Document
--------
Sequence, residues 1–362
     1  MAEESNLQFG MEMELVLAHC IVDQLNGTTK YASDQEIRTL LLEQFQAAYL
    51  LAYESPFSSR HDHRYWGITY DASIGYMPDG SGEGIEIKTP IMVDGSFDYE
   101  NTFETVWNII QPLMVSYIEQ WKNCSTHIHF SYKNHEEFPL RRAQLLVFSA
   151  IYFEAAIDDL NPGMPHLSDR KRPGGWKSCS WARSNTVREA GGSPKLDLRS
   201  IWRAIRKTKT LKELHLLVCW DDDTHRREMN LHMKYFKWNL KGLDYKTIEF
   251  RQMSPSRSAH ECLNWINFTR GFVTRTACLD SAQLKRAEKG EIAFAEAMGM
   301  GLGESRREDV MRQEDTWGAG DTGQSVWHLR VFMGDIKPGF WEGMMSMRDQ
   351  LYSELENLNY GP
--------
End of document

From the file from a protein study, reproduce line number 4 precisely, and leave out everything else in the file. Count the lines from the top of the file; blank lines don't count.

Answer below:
   101  NTFETVWNII QPLMVSYIEQ WKNCSTHIHF SYKNHEEFPL RRAQLLVFSA